In truth, Tsutsui and Yuuto’s particular otaku perspectives seem to have been birthed out of the idea that they are looked down upon for simply liking what they like. Tsutsui himself even says that he’s just “doing what I like to do, just like everyone else”, and it does present this idea that there are just certain hobbies, forms of media, etc. that are less acceptable than others because they do not follow the mainstream lines of acceptability. In a way, then, their distrust of people is born out of, in some ways, the cruelty of others. That said, while this makes it easier to see things from their perspective, it does not justify Tsutsui’s reactionary, deeply ill-informed prejudices that he enacts through this.
That being said, it is appallingly ironic that Tsutsui would judge, of all people, Igarashi, or that he would enact any form of judgment on anyone at all, for that matter. Having been the victim of such judgment and knowing the harm that can come from it, you would think that he might have some degree of compassion for her, since it appears that Igarashi has been just as much a victim of others and their prejudices as Tsutsui has been. She is clearly the subject of widespread rumors, since Tsutsui even knew who she was, and given the reactions that her asking Tsutsui out elicits from their class, it is clear that people see her in a massively negative light, despite knowing nothing about her. In that regard, it’s pretty clear to see why the two of them make a good match.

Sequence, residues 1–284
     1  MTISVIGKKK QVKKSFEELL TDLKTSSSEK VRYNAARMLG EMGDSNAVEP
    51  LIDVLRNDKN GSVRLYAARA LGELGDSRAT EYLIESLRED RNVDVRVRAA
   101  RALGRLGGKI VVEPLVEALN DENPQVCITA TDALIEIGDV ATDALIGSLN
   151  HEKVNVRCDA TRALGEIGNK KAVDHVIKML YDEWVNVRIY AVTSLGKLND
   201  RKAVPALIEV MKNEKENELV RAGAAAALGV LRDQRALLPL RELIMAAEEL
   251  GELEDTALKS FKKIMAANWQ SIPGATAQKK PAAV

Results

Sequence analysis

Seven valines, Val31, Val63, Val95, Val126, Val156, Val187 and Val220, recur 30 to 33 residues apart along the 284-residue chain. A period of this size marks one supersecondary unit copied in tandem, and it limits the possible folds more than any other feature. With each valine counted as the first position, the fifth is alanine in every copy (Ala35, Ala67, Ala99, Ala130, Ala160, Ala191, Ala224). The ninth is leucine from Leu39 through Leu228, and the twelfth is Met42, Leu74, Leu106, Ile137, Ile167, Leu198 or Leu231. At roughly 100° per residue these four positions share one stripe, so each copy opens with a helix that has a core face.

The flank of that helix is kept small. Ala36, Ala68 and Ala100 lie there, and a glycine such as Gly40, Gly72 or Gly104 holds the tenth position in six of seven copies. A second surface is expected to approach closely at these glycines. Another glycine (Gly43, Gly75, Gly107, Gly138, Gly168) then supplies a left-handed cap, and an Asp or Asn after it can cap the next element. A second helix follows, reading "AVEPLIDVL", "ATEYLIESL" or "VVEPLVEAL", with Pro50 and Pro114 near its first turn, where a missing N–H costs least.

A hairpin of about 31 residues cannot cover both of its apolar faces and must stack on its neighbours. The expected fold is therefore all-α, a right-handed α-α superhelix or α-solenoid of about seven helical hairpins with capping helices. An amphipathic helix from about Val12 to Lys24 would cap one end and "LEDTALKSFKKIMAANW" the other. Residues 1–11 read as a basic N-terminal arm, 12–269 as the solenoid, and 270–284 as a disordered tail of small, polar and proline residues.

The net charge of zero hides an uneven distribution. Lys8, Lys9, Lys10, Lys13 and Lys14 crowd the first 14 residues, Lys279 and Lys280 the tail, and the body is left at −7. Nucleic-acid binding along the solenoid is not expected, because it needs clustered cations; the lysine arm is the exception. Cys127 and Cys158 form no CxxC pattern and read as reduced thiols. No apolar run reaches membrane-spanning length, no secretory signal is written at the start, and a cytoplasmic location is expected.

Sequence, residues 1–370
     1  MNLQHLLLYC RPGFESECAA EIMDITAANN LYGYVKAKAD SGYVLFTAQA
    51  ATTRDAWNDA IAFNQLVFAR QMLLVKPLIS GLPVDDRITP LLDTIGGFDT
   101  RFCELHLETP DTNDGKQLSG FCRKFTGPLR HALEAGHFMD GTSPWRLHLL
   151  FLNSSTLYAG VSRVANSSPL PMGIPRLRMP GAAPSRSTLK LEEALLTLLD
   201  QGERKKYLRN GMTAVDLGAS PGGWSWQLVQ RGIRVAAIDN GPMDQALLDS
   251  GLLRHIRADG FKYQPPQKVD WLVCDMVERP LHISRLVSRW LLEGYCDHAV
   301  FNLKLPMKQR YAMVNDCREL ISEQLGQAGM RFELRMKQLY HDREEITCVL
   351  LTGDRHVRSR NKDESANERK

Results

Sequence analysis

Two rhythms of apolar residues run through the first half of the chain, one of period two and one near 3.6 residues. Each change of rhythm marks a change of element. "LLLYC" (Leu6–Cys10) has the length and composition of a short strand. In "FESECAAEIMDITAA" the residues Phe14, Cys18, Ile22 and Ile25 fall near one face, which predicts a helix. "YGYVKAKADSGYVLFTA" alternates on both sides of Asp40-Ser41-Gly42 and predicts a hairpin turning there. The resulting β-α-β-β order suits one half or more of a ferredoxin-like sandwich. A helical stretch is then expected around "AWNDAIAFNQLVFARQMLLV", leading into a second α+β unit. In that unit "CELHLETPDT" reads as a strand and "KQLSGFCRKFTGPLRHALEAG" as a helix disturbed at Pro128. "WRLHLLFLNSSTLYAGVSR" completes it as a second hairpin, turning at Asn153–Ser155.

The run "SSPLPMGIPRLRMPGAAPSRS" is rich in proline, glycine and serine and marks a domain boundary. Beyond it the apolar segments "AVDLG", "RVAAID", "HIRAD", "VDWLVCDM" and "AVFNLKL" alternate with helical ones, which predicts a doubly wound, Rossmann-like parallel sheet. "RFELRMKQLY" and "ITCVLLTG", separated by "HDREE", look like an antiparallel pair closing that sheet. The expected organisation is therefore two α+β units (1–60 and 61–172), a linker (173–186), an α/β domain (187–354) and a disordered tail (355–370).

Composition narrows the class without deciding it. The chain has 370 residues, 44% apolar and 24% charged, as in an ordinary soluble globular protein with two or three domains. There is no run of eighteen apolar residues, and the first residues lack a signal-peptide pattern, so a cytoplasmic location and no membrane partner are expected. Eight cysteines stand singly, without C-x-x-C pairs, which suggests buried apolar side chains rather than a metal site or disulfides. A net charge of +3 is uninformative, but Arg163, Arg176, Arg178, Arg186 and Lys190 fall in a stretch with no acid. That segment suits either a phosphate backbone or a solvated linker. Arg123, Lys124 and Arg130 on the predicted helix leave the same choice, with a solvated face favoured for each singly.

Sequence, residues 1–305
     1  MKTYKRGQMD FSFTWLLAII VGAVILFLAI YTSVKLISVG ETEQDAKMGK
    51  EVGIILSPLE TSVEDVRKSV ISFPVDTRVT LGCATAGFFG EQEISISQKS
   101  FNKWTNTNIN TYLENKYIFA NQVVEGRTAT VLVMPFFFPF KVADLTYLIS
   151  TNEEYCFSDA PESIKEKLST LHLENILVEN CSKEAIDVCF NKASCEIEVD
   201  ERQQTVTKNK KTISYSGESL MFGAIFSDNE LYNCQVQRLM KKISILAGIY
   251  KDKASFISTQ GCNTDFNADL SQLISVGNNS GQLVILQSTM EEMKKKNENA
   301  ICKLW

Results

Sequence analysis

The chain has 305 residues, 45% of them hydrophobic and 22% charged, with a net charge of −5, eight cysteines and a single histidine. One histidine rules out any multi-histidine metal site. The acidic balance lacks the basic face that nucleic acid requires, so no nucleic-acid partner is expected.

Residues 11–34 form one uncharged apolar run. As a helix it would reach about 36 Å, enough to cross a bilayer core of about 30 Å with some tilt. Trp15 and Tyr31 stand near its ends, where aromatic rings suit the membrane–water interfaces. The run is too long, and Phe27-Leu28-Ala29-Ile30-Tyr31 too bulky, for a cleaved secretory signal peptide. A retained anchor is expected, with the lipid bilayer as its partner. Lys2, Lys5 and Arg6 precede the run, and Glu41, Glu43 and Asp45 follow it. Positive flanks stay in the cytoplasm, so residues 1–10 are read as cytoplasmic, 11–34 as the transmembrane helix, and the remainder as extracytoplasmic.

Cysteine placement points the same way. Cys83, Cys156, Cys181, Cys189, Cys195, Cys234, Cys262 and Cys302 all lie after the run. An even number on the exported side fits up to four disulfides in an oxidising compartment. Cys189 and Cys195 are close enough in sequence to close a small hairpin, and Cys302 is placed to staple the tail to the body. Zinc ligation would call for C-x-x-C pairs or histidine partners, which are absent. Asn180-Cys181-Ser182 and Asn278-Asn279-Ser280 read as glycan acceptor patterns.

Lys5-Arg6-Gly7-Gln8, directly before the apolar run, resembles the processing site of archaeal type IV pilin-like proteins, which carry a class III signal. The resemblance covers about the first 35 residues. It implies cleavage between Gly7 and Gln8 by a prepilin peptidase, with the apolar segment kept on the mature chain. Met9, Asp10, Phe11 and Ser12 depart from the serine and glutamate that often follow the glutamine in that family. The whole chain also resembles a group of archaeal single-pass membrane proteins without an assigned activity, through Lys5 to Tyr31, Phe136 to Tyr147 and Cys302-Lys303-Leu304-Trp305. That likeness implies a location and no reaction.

With everything else in mind, Tsutsui does eventually begin to make himself vulnerable and open up to Igarashi, largely because she does not look down on him, and because she does not judge him for liking what he likes. She puts up with a lot of garbage from him early on, as we discussed earlier, and she also stands up for him quite often. Being one that has been the victim of many rumors, harmful judgments, and other such issues, Igarashi makes it a point to stand up for Tsutsui when people speak ill of him, despite not knowing him at all, except for the otaku status he has been branded with. Beyond this, she also comes to his house and asks him to show her his favorite anime, which she ends up liking quite a bit. It is this connection through the show, as well as the simple act of working to see him for who he really is, that helps Tsutsui really begin to break down his walls, brick by brick.
Of course, we’ve talked a great deal about Tsutsui, and Igarashi a good bit by proxy, but Igarashi herself is an enigma of a character thus far, as well. It is clear to us that she seems to be a kind-hearted person that, for whatever reason, has been branded as an easy girl at their school, and who is only paid attention by guys that seem to want to have their way with her. In the first episode, even, she is accosted by two boys who are both asserting that she is dating them, despite her protestations that she is dating neither of them. At this point in time, we do not know why this is the case, or how these guys got to this point of assumption, but it can’t come from anything good. In short, it seems as though Igarashi has found herself in a difficult situation through some unfortunate circumstances beyond her full control.